SAMA-Bedford exhibition showcases the creative process behind art | Characteristics

BEDFORD, PA – This show gives viewers a glimpse into the processes behind the art.

The exhibition “From Inception to Execution” is on display until November 13 at the Ashe Gallery, the Joan and Jerry Hawk Gallery and the regional galleries of the Southern Alleghenies Museum of Art in Bedford, located in the Anderson House, 137 E. Pitt St.

The exhibition features works by local artists Richard Coble and Susan Coble, Mary Beth Landis and Heather Davis who range from sculptural metallurgy to photography and painting.

Morgan Young, site coordinator for SAMA-Bedford, said the exhibit plays on the “Industry: The Building Process” exhibit on display in the Titelman Galleries.

“I wanted to show at the local and regional level some of the problem-solving with creation and artistic creation,” she said.

“I think there is a very relevant connection there. The artists that I have selected all illustrate different places of art in their profession.

Breezewood residents Richard Coble and Susan Coble are jewelers.

“They are small-scale, three-dimensional sculptors with jewelry making,” Young said.

Davis, an Everett resident who has been painting full time since 2013, graduated from the Rhode Island School of Design with a degree in painting.

“It connects both large-scale sculpture and painting,” Young said.

Landis, a resident of Bedford, works in photography. His images are based on his interpretations of the subject’s geometric structure.

“It’s two-dimensional, but a very sharp and keen visual sense,” Young said.

She said there is an eclectic mix of thinking and building on the part of the four artists who work with different mediums.

“I wanted to present not just a specific medium,” Young said.

“I liked the idea that in all mediums all artists are always faced with problems and the question of how to get from point A to point B.”

“The process of evolving, creating, tweaking, and working with your medium to get from point A to point B parallels the industrial age of solving a problem and how to get through it. idea of ​​what you want to express until the final piece. “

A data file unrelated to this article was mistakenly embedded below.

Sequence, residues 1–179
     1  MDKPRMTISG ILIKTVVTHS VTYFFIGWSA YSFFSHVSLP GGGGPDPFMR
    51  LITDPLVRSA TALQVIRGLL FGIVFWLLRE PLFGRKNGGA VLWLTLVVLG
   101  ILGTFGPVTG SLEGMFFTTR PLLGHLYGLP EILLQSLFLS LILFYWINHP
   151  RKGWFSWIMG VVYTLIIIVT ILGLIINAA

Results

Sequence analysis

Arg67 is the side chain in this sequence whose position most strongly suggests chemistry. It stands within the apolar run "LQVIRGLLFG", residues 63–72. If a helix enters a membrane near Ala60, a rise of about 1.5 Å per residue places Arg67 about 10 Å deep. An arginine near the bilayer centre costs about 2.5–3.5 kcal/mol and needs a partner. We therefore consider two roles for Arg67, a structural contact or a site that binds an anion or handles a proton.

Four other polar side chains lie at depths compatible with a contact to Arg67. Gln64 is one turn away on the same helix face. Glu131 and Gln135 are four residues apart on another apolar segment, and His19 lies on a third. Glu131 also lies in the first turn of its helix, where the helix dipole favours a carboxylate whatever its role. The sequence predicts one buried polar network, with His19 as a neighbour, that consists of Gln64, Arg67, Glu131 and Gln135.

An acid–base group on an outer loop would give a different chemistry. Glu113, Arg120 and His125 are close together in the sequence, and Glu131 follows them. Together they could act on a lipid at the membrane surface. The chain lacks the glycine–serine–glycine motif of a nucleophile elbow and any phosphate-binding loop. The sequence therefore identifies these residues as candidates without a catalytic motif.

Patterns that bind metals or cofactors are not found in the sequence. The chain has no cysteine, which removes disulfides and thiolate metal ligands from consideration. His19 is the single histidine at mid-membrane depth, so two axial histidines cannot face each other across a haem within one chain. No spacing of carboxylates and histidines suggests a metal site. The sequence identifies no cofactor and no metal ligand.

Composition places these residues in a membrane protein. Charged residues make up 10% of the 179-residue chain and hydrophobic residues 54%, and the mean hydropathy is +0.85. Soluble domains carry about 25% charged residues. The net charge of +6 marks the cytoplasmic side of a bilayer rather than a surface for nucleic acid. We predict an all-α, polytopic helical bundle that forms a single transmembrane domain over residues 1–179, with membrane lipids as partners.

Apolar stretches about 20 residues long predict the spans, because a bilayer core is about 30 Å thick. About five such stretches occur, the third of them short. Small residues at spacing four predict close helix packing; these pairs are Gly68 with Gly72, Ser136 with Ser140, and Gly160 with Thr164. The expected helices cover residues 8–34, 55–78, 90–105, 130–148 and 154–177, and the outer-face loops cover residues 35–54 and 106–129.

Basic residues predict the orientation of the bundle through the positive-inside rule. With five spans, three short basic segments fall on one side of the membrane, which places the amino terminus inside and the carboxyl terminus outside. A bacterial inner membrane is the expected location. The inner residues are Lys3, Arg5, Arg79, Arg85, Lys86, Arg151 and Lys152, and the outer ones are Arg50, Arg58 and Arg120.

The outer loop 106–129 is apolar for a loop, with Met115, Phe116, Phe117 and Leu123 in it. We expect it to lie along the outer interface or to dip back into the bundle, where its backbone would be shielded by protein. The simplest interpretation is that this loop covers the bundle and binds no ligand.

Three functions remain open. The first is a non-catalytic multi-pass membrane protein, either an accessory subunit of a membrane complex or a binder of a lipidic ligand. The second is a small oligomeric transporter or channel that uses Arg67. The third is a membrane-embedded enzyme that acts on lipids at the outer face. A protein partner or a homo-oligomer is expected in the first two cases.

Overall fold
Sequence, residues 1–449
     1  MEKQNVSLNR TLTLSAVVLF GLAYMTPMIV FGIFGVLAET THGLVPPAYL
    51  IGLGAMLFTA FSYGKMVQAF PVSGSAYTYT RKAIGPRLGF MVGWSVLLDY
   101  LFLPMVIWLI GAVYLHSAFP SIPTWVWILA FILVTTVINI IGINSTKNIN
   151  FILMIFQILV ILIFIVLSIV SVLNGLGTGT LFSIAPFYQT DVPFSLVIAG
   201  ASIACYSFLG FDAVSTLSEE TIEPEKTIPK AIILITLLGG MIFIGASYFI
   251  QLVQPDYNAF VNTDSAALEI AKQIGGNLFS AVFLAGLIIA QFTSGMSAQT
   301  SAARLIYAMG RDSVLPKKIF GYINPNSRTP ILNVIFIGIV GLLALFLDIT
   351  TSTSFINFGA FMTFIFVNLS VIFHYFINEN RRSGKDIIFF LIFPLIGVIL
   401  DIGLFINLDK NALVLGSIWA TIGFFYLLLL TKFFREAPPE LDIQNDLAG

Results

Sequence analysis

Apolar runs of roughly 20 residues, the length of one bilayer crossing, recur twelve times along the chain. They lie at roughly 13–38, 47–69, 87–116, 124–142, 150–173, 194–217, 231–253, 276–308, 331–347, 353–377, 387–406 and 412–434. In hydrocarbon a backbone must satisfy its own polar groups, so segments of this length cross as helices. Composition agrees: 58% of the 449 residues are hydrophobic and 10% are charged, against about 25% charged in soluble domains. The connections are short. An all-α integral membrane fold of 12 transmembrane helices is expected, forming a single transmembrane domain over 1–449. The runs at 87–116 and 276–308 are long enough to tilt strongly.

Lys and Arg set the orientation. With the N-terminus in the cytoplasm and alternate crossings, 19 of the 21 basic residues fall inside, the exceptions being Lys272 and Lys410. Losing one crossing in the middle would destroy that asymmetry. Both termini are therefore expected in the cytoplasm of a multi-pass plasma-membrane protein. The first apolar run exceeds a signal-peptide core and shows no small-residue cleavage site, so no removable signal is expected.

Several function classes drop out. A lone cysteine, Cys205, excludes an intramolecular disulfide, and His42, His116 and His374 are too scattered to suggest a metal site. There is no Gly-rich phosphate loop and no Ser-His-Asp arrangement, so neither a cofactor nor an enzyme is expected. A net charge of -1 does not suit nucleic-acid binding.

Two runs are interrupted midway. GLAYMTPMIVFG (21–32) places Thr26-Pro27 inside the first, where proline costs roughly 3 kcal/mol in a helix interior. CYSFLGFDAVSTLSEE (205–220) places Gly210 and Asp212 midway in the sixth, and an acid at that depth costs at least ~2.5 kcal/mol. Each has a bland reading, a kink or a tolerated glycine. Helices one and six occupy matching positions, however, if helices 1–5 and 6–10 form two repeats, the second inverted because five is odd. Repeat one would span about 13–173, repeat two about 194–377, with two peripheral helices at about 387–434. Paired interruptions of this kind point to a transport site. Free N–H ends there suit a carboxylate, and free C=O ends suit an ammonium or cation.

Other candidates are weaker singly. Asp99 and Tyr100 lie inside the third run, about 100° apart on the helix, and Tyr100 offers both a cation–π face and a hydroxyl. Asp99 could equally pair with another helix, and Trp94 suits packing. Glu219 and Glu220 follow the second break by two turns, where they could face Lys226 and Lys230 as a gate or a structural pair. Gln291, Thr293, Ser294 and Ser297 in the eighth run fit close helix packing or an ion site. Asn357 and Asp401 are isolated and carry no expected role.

She added that the strength of creativity unites artists.

“Each of these artists is exemplary in terms of their ability to show that it didn’t happen naturally,” Young said.

“These are well thought out, articulate pieces that are beautifully made and well presented.”

She said the show featured more than 120 works of art.

“I would like this exhibit to inspire those who visit in a very specific way,” Young said.

“I would like them to think about art in the creative problem-solving process behind everything.”

Along with the exhibit, Davis will lead a lecture from noon to 2 p.m. on October 9 that will focus on dyslexia and how it has affected her work and thought process.

“This is a unique opportunity to learn more about how the brain works and see how a dyslexic brain creates unique paintings and sculptures,” Young said.

The cost is $ 35 and registration is suggested.

The museum’s opening hours are noon to 4:30 p.m. Tuesday to Saturday.

Entrance to the exhibition is free.

For more information, call 814-589-3020 or visit

Kelly Urban is a reporter for The Tribune-Democrat. She can be reached at (814) 532-5073. Follow her on Twitter @ KellyUrban25.

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